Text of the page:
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easier to offer that alternative when you're dealing with a trump administration. >> i wonder if there's a role for progressive groups in the event that democrats, some democrats to get a little -- >> you have to push hard. >> to demand the democratic party remain united in what you're calling robust public expenditure plans. >> there's absolutely a role. if you think about where we are a cuticle at this time, people, you had a democratic president who was elected by a strong majority of the country. if people want the country to pull together. i think in this moment you have a person who was elected by a minority of the country and hasn't done anything to kind of try to be the leader for the whole country, not just in his tweets but in his cabinet appointments, all the language and the things he says every day.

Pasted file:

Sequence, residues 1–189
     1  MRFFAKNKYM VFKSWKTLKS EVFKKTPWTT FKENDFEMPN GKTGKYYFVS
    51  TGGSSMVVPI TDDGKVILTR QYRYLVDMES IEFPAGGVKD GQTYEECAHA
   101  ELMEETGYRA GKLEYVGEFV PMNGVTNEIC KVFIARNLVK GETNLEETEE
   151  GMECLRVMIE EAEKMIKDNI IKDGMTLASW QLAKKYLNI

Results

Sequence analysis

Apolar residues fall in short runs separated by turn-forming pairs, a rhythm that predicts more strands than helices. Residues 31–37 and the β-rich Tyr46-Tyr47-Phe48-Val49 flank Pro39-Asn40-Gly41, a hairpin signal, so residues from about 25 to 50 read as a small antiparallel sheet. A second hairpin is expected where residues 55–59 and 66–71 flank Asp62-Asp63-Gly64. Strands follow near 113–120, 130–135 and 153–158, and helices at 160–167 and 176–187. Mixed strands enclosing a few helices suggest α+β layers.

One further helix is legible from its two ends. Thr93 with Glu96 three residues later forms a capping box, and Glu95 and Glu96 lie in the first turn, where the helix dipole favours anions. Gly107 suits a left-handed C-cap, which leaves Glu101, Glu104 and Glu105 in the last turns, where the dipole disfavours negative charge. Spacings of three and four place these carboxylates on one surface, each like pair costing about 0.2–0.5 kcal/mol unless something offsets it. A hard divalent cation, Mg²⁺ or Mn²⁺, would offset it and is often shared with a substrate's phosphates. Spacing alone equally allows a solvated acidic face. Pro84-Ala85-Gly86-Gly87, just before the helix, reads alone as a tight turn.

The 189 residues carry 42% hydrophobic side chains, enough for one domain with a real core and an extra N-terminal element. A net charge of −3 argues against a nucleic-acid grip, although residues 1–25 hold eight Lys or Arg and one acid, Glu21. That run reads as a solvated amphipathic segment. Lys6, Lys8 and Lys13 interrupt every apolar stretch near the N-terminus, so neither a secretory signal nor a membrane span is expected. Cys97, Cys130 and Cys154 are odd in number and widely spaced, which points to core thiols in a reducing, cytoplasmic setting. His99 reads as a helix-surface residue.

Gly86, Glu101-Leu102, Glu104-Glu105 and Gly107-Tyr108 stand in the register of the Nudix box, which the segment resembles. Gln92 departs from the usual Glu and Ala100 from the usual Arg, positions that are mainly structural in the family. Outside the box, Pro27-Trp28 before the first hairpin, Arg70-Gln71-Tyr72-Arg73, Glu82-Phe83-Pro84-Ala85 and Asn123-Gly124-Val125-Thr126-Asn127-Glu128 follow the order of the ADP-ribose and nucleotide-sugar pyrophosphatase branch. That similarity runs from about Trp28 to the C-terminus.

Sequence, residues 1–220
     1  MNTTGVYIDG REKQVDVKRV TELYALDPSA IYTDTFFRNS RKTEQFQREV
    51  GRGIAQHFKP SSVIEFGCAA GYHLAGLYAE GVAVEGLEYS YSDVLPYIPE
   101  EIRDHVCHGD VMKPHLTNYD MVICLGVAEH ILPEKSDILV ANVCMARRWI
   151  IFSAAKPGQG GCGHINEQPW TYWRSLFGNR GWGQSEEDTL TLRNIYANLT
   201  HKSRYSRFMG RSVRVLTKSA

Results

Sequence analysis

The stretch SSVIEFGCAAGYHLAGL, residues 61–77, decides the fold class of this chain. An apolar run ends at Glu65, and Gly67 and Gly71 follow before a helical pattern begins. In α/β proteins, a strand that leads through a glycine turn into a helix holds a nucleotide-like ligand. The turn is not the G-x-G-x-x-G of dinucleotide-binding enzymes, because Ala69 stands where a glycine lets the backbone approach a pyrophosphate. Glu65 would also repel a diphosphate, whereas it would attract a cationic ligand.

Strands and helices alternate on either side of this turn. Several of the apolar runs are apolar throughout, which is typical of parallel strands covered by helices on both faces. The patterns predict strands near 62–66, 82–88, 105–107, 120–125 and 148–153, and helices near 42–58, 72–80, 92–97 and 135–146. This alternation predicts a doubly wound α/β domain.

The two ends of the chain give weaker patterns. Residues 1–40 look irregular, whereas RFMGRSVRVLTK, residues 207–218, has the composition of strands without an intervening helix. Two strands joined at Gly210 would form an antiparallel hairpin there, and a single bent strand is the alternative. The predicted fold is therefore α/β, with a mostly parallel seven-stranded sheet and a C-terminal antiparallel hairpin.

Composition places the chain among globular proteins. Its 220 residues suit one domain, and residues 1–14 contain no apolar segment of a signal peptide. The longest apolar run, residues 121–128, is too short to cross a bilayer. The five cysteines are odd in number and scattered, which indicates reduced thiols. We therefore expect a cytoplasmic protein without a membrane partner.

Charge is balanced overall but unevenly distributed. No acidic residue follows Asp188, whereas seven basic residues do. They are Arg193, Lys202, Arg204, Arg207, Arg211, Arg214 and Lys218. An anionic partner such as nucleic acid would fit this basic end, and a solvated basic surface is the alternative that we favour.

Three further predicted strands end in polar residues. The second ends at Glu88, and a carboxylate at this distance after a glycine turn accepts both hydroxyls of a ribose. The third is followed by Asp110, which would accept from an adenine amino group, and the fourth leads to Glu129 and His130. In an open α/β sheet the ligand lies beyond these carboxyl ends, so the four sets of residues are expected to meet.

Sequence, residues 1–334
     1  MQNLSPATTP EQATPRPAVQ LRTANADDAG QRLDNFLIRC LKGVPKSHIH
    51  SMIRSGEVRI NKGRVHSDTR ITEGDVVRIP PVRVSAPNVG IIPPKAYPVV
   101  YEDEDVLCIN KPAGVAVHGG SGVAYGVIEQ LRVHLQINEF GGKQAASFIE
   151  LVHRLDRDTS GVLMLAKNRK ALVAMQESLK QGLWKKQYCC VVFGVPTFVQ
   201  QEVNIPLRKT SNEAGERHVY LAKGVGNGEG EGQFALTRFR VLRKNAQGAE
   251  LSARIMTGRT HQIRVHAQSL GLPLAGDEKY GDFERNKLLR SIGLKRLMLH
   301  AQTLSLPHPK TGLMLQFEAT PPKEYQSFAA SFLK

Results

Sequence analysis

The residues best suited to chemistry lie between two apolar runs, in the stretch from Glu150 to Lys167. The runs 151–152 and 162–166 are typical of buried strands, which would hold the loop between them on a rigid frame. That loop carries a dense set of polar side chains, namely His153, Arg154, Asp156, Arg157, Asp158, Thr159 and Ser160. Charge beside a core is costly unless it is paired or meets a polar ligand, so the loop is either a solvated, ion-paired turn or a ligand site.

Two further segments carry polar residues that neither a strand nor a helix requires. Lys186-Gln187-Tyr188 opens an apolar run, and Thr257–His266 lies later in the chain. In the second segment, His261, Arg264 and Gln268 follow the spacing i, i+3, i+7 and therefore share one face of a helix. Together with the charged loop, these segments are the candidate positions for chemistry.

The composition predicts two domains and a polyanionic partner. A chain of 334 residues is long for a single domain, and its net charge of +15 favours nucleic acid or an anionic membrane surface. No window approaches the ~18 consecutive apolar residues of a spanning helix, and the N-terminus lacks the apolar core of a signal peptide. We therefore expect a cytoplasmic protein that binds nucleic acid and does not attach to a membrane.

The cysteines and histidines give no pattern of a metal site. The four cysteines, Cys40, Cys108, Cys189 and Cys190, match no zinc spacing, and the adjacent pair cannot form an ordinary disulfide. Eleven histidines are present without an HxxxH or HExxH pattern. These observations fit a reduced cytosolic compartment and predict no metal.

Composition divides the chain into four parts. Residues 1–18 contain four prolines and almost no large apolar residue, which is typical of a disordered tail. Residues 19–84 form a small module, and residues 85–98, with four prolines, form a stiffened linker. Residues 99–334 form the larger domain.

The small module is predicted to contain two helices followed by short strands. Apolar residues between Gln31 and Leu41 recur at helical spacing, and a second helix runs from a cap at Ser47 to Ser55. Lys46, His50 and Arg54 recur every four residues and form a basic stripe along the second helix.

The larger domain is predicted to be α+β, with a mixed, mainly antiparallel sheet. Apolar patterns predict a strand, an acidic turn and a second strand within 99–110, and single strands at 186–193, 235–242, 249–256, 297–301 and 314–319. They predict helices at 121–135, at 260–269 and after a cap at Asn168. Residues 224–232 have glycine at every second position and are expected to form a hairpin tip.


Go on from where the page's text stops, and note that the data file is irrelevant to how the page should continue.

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it's pretty clear he is trying to govern for the people, for just half of the country. not even that in some of his policies. i think it's up to progressives to provide a strong alternative vision and to safety democratic leaders that we need you to hold strong in these core values. >> i think you'll see some potentially really racially charged stuff happening. i think his tweaked the other day where he said millions of voters illegally stuck me in a number of voting rights advocates that i talked to a sort of a signal, a major wave of voter suppression is coming. we've seen they use such application for a lot of these on the state level. that, in addition to persecutions of muslims spirit what is he going to do with undocumented? >> right. this will be an occasion for